News 12 First at 5, January 13, 2009
AUGUSTA, Ga.---Sixty-nine-year old Betty Gonder woke up this morning worried her power would be cut off by 5:00. Instead, thanks to a local organization, she's able keep the lights, and the heat on.
"That's my daughter with her kids," says Betty Gonder, a proud great-grandmother.
She is retired and lives on a fixed income. Behind on her bills, Betty was in danger of having her power, and heat, cut off until she got help. "I didn't know where I was gonna get the rest of the money to pay this bill," says Betty.
Betty was scared she wouldn't be able to keep the lights on, until Patricia Johnson and the Economic Opportunity Authority stepped in. Their heating assistance program for low income families has already helped 9,000 others just this winter.
"A lot of people are laid off, lost their jobs. Economy, recession -- different things that's going on that has caused a lot of people who have never received assistance from EOA to come knocking on our doors," says Patricia Johnson, the Energy Coordinator with the EOA.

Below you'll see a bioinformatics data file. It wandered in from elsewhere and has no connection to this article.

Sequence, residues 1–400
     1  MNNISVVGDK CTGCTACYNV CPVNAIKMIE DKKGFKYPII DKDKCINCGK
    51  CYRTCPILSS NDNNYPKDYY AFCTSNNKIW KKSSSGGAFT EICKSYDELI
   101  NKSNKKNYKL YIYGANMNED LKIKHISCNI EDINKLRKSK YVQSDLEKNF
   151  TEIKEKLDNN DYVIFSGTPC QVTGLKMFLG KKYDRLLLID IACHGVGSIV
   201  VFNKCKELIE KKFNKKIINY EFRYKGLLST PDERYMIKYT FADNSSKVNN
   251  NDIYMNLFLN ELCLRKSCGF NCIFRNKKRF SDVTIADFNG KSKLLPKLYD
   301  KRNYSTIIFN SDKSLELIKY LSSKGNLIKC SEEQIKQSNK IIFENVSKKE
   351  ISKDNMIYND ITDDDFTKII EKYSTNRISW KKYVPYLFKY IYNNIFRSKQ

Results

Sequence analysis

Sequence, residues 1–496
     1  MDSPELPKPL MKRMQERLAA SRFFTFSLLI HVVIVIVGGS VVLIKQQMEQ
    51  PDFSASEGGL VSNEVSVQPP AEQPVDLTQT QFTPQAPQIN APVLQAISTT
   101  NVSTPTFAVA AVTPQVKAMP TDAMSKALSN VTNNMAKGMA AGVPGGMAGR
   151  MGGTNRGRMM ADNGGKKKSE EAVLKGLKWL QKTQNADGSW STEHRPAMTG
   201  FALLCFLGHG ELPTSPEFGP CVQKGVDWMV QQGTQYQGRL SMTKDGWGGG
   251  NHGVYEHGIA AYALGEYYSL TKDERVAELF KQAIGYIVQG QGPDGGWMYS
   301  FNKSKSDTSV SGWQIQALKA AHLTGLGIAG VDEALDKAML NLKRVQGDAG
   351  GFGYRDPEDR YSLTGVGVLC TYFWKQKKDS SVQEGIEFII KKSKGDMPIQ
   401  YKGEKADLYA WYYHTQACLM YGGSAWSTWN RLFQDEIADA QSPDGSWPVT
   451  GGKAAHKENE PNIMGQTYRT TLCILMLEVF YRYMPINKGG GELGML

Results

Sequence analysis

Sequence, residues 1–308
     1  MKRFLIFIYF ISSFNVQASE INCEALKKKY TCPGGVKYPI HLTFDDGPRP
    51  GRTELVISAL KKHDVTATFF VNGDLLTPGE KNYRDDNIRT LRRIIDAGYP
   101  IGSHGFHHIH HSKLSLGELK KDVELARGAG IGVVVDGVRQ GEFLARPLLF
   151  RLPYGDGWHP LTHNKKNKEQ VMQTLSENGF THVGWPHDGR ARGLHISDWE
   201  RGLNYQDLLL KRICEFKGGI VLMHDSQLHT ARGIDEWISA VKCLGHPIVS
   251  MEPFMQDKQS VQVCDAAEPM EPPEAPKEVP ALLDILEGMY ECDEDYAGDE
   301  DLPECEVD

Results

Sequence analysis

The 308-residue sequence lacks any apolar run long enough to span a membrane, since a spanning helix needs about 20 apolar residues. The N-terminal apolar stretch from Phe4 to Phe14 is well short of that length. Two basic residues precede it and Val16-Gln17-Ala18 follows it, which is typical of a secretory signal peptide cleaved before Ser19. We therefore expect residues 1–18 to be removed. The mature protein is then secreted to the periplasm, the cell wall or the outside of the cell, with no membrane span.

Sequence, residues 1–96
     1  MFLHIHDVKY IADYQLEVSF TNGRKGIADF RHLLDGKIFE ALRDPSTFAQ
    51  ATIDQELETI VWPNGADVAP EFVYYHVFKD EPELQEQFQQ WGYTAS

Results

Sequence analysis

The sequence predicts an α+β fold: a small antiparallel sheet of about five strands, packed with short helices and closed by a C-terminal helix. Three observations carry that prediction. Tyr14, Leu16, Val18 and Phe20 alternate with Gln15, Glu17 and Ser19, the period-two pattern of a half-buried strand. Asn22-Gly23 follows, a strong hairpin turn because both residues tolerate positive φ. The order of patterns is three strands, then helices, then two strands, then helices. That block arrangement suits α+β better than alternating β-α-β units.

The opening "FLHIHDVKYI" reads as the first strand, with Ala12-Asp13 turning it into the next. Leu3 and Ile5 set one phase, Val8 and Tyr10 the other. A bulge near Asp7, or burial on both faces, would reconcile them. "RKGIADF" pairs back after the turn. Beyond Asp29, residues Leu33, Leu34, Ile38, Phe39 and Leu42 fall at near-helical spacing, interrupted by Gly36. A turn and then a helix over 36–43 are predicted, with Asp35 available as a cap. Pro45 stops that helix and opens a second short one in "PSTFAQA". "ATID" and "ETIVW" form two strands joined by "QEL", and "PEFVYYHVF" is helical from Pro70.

The organization can give financial help once a year, all so that you can keep the fire going.
"Our goal is: we don't want any family to be cold during the winter. So during this time, however you heat your home -- that's the assistance we're offering at this time," says Patricia.
"We would be in a cold house and I'm grateful they did this for us today. You need help? Like I said, there's help out there. Go see these people and they will help you," encourages Betty.
And the power company is also willing to help. "Every member has an opportunity to make arrangements if they know there's gonna be a situation with paying their bill," says Steve Chalker with Jefferson Energy.
But it doesn't excuse the customer from paying the bill, it's there to give the customer a little more time, like Betty, so that nothing goes black.
The EOA is still helping those who qualify for the heating assistance program. You can call 1-866-722-4346 to put in an application.
Also-- from November to March there are rules that require electric service can not be disconnected if the temperature is below 32 degrees. Now a rule just went into effect that will do the same during excessive heat in the summer."